4. Driving to everything is weird and sometimes overwhelming. In Spain, I was driving a bit to my English classes, but for the most part I was either on the back of a motorcycle getting a ride, or taking public transportation (metro, bus, and train). The public transport system in Spain was so amazing and useful. Here, if you don’t have a car, you can’t live a normal life. Everything is so spread out. Everything takes at least 15-20 minutes to get to in the car. Speaking of cars, I had to get myself another once since I sold mine before going to Spain. I do enjoy having a nice car again, but I wish I didn’t have to rely on it so much. I still yell out my frustrations in Spanish…somehow it feels more satisfying.

    My “new” (used) car, which I really like so far!
  5. Greeting people is weird. In Spain, it’s always the standard two-kiss greeting. One on each cheek. No shaking hands (unless it’s two guys). Now, I feel this awkwardness when I’m trying to decide how to greet someone. Do we shake hands? Do we hug? Do we just wave? I’ve had some weird moments already where I’ve leaned in for the Spanish two-kiss greeting while the other person wasn’t expecting it. I used to think this greeting involved too many germs, and now I miss it.

    The two-kiss greeting in Spain
  6. I really got into Spanish music, so now I’m looking for ways to listen to it here. I listen to Spotify and luckily in San Diego we get many radio stations from Tijuana, so we have lots of choices of Spanish speaking radio stations.

    One of the many radio stations that comes out of Tijuana and you can hear in San Diego
  7. People seemed less busy in Spain. Like they were more able to make time to relax, socialize, be with family, or even take a nap if you’re really tired. There were so many holidays there! I will miss getting so many random days off for some random holiday that I’d never heard of.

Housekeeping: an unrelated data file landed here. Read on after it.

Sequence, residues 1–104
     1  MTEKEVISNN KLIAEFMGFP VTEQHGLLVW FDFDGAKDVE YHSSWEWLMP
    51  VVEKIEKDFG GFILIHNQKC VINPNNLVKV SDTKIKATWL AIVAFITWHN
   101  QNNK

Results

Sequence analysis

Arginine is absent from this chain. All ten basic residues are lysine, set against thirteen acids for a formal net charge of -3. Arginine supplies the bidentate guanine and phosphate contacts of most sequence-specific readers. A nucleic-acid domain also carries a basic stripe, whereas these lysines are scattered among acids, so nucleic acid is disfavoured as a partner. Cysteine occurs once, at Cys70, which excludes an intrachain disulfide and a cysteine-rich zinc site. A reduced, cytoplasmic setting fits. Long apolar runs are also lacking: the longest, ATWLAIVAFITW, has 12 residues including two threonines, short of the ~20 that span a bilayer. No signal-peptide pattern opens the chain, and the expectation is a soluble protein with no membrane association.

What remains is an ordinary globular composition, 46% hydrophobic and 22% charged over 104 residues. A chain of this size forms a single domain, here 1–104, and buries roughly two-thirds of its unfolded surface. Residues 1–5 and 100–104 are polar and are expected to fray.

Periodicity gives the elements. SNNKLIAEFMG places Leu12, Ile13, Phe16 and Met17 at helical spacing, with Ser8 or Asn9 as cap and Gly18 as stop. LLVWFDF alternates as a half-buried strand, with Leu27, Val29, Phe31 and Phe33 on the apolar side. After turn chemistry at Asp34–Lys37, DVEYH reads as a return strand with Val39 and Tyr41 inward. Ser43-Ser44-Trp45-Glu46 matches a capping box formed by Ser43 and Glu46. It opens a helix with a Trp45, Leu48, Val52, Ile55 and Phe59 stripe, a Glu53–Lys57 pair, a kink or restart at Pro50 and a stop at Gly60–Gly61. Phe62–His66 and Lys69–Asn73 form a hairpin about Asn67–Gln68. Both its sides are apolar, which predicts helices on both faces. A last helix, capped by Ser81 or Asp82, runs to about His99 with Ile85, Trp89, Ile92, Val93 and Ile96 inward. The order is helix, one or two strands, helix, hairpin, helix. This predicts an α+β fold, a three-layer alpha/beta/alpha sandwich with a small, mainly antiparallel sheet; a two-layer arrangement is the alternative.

8. Mitzy loves having a yard again. She constantly wanders over to the neighbor’s house (which he is fine with and actually enjoys). She’s adapted well back to her old life, although I do still spurt out commands to her in Spanish every once in a while which she seems to understand.

    Mitzy and her dog-cousin chewing bones. There are never too many.
  9. Everything is expensive here! Looking for a place to live, I’m realizing rent is very high. And taking Mitzy to the vet for a simple check up and flea & tick medicine costs about three times as much here as it did in Spain. The same exact flea and tick collar that I bought her in Spain for 30 euros costs 80 dollars here. Also, going out to eat is a lot more expensive here. A beer here costs about twice as much as it did there, for the same amount. And don’t get me started on how tax isn’t included, and tips!

    I never got over how cheap toilet paper was in Spain. 2 euros for 6 large rolls.
  10. I have to admit it’s been nice to eat some American food that I missed. I found myself in the In n Out drive thru less than a week after returning. And I really missed fresh donuts, which I’ve gotten to enjoy twice already. The Mexican food here is also really good–oh how I’ve missed you, San Diego fish tacos!
    Pulled pork sandwich and coleslaw. Two things that aren’t easy to find in Spain.

    Artery clogging goodness.
  11. Probably the best thing about being back is being close to family again, and seeing old friends. I appreciate family dinners so much more now. And it feels good to understand inside jokes again!

Next month, I’ll be heading down to Guadalajara, Mexico, to present at a zookeeping conference! Stay tuned for that–I’m nervous for my first time presenting at a conference, and in Spanish to boot.

P.S. Now that I’m not an American living in Madrid anymore, I’m going to rename my blog and try to continue writing since I still travel and do some interesting things. Any ideas for a new name?

2 Comments Add yours

  1. Laura Ambrose says:

    We love, love, love having you back again — even if we do have crowded freeways, cars that are too big, and we’re too busy! You’re a fantastic writer, my dear.


  2. Christine Mayo says:

    Welcome home ..home is where the heart and love is ..


Leave a Reply

Fill in your details below or click an icon to log in: Logo

You are commenting using your account. Log Out /  Change )

Google photo

You are commenting using your Google account. Log Out /  Change )

Twitter picture

You are commenting using your Twitter account. Log Out /  Change )

Facebook photo

You are commenting using your Facebook account. Log Out /  Change )

Connecting to %s